Of course, we’re aware of the rest of the tale: she did, and it was, and a number of people heralded the idea of YA dystopian lit as though it was both the greatest thing since sliced bread and a breathtakingly brand-new concept in writing.
Which, as we should all know, it wasn’t. YA dystopian lit was around before it even had such a label. Back in the Dark Ages when I was a kid (look at the price tag on the book’s cover, friends!), it was just lumped into the ghetto of the children’s section of the library (kind of an ‘abandon-all-hope-ye-who-enter-here’ section for us precocious types). Now, in my last post, I talked about one example of dystopian YA: The White Mountains trilogy by John Christopher… but it brought to mind another story of his, a slim stand-alone volume also in YA dystopia: The Guardians, published in 1970. ‘Nother damned good story of his that hasn’t had the lasting fame it deserved.
13-year-old Rob Randall lives with his widowed electrician father in a Conurb, one of the vast future cities segregated from the countryside, or County as it’s known. When Rob’s dad dies in a suspicious accident, Rob is packed off to a grim, gritty boarding school, where senior students haze and bully the younger with impunity while indifferent schoolmasters look the other way. Unlike many future denizens, Rob loves to read (the illiterati will inherit the earth, apparently), enjoying heroic classics; the Three Musketeers’ D’Artagnan, in particular, inspires him. Having found some letters written by his late mother indicating she was originally from the County, Rob decides to defy social convention and escape there. Which he does, tunnelling under the wall separating Conurb from County. It’s one of those plans-that-really-aren’t-plans, borne of desperation and with no attention to nitty-gritty details such as how one is supposed to get life’s necessities, but Rob manages to accomplish the feat, albeit injuring himself in the process.
Fortunately, before his plight becomes too grim, he’s found by Mike Gifford, another boy his own age. Mike is the son of a wealthy Gentry family living in the County, and he takes Rob under his wing, smuggling him food and clothing at a remote hideout he’s found. This arrangement doesn’t last long before Mike’s mother, a highly organized, sharp-tongued woman, discovers Rob at the hideout. However, instead of turning Rob in to the authorities, she agrees to pretend he’s her nephew, come to study at one of the County’s tony private schools. Rob integrates into the Gifford family, taking on the persona of one of the Gentry.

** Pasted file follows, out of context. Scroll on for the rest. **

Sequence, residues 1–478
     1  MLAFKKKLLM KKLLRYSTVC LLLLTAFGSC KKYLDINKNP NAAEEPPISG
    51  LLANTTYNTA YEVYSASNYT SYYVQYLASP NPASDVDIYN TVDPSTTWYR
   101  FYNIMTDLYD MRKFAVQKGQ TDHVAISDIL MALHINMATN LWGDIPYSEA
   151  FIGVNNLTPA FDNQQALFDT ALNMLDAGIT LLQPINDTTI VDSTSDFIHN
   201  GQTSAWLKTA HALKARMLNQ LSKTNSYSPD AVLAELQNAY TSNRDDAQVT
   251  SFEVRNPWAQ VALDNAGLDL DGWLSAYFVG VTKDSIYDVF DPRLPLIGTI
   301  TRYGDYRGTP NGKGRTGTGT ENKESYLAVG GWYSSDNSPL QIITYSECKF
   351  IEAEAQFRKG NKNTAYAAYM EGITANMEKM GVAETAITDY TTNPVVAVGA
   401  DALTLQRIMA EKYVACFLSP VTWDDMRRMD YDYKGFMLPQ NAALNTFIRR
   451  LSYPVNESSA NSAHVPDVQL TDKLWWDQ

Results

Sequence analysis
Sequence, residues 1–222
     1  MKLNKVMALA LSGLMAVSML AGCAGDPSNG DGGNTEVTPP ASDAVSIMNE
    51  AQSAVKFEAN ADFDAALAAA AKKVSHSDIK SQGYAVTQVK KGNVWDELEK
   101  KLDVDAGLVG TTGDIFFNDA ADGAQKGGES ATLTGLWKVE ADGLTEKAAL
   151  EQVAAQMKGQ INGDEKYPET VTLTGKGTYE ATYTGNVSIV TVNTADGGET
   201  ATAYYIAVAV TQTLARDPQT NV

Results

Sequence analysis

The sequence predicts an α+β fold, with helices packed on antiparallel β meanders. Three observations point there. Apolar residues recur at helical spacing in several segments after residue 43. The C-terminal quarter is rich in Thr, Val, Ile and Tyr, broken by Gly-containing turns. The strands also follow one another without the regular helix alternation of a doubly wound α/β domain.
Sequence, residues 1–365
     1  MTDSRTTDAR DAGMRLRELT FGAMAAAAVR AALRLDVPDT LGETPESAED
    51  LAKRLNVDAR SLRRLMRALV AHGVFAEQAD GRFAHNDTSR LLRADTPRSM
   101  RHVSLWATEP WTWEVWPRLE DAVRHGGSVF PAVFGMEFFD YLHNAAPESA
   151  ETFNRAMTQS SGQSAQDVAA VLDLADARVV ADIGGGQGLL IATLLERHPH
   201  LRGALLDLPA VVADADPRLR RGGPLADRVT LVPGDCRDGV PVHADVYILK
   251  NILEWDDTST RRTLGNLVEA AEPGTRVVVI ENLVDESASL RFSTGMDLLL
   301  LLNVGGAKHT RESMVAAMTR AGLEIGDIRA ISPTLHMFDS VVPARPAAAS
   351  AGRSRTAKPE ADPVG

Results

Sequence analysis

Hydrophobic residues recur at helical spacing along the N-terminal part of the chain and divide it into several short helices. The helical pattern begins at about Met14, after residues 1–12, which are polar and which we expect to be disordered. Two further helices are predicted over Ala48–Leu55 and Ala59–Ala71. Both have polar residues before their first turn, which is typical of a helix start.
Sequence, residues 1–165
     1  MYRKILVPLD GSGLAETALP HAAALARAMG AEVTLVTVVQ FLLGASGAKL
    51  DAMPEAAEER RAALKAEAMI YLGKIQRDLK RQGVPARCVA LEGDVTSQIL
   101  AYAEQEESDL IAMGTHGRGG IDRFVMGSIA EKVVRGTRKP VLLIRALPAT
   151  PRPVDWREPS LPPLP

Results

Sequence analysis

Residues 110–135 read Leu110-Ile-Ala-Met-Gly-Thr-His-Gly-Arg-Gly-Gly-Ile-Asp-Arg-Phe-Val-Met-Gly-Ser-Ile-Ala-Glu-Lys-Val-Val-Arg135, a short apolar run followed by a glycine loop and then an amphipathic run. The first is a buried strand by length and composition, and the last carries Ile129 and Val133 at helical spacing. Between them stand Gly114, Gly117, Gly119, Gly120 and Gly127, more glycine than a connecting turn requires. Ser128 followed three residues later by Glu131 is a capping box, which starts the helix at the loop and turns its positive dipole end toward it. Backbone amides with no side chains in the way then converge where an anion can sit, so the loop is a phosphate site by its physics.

This is an unbelievable stroke of good fortune, and fully aware, Rob is quite content to let the good times roll. Unfortunately, his presence awakens a streak of social conscience in Mike, who contrasts his comfortable County life with Rob’s previous hardscrabble Conurb one. Mike starts attending meetings hosted by idealistic senior students who feel revolution is necessary to end societal stagnation and horrendous inequality --- ignored by the vast majority of people. (Gentlemen of the world, unite!)
Mike joins the revolution as it takes place, but Rob doesn’t: as I said, he well knows which side his bread is buttered on. The uprising fails, though, because, as one of the Guardians tells Rob, things aren’t quite as sloppily managed as they appear in this society. Who are the Guardians? Why, the secret shadowy group really pulling society’s strings (some nice little conspiracy theory stuff before it became fashionable). Turns out they’ve known Rob’s real identity all along, but were magnanimously fine with letting things play out. After the uprising, they’ve contacted Rob to see if he knows anything about Mike’s whereabouts --- he does, but isn’t about to say so --- and they offer Rob a cushy little post in the Guardians. Dazed once again by his incredibly good fortune, he accepts.
However… (plot spoiler) Rob’s conscience starts to prick him: he knows all about the inequality and stagnation of his society --- from both ends --- realizing his dad was, in all likelihood, involved in rebellion, too, leading to his death. Shortly thereafter, Rob decides to join Mike and the other surviving revolutionaries and seek to bring about change, the tale ending on this somewhat inconclusive note. (Although, as Orson Welles, said, ‘if you want a happy ending, that depends, of course, on where you stop your story.’)
So that was YA dystopian social commentary back in the Dark Ages. It certainly made an impression on me --- though little megalomaniacal me would’ve been sorely tempted to take the offer made to Rob. But it was a great story: the writing was terse and without a lot of flowery verbiage, the plot rolled along at a rollicking pace --- it had to, clocking in at what I estimate was no more than 57,000 words --- and as I said, it contained interesting underlying political/social commentary. It’s no 1984, but I think Orwell himself would have approved of its message.
And of course, unlike Winston Smith --- or the girl with the funny name --- Rob’s tale ends on a much more hopeful note, which is all to the good: no point in rubbing young readers’ noses in the foul-smelling manure of life any earlier than absolutely necessary.
Plenty of time for that later. Sigh.